Frequently Asked Bankruptcy Questions in Utah
Answers from experienced attorneys in Salt Lake City
Bankruptcy is a stressful and confusing time. There are many different options, and you may be feeling pressure from creditors or debt consolidation agencies to just pay them now. At Smart, Schofield, Shorter & Lunceford, we know it’s important to take stock of your situation and make the right decision for the long term. Here are some answers to common questions about bankruptcy:
- What is bankruptcy?
- What are the benefits of filing for bankruptcy?
- Who can file for bankruptcy?
- What can be discharged?
- What are the alternatives to bankruptcy?
- Will I lose my house or car?
- Can I change from one chapter of bankruptcy to another?
Call a Salt Lake City bankruptcy firm that cares about your family
At Smart, Schofield, Shorter & Lunceford, we know that financial insecurity is highly stressful. That is why we work with you to find the best solution for your family and offer special fee arrangements for bankruptcy clients. Don’t try to do this alone. You need an experienced partner who knows the way to financial freedom. Call 801-747-0647 today or contact us for a free consultation about your bankruptcy case.
Bankruptcy is a legal proceeding that frees a debtor from debts. In Chapter 7, nonexempt property and items are sold to pay off as much debt as possible. In Chapter 13, the debtor is given three to five years to pay off debts, sometimes at lower levels than were originally incurred.
Filing for bankruptcy can give you a fresh start, financially speaking. It can take some of the stress away. When you file for bankruptcy, bill collectors stop calling, foreclosure actions are temporarily halted, debts that cannot be paid are discharged, your wages cannot be garnished, and you are allowed to work out a payment plan with the IRS. After seven years, the bankruptcy no longer appears on your credit history.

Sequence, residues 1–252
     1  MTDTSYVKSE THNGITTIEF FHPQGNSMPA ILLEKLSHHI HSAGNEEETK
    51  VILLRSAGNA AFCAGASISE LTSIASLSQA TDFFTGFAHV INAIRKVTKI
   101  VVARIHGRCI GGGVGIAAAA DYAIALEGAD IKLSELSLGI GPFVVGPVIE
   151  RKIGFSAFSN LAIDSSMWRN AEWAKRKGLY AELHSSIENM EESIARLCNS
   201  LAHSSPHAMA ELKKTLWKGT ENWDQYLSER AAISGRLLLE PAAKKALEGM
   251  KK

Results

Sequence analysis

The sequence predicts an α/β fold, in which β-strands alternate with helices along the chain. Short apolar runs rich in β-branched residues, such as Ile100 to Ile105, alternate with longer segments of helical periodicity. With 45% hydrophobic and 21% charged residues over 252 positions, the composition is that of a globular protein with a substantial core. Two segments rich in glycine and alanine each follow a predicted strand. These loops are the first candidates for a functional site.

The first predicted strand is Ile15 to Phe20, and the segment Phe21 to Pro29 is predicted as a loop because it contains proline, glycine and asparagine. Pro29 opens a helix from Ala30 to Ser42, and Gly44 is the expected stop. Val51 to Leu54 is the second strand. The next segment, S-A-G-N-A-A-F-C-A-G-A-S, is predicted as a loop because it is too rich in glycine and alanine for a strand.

Anyone with credit card debt, medical bills or business-related expenses can file for bankruptcy. If you have valuable assets that you don’t want to lose and a steady income source that would enable you to stick to a payment plan, you can file for Chapter 13. If you have no valuable assets, no ability to make payments and just want to keep your home and your car, you can file for Chapter 7.
Most debts are dischargeable but there are some common non-dischargeable debts. The most common non-dischargeable debts are student loans, child support, alimony, or other domestic obligations, and taxes or other governmental fines/penalties. We are happy to discuss any particular debt for which you may be concerned about its dischargeability.
Credit counseling agencies can help you establish a budget, work on money management skills and deal with creditors to negotiate payments. You can also try to negotiate directly with your creditors. If you have no assets, you are judgment-proof. However, these alternatives do not apply to debt such as child support, taxes or student loans.
Generally speaking, no. Most people in this situation have little to no equity in either. However, even if you have equity, it is exempt from the bankruptcy case up to certain limits $30,000 per person for a house and $3,000 per vehicle for a car. We can help you understand your specific situation.
It depends. If you received a Chapter 7 discharge within the past eight years, you cannot claim Chapter 7 again. But if you did not receive a Chapter 7 discharge and originally filed Chapter 13 — and you cannot stick to your payment plan — you or the court may convert the bankruptcy to Chapter 7. You may choose to convert if you originally filed Chapter 13 because of nonexempt assets that you wanted to keep, such as a second home or car, and decided that you don’t mind giving up those assets.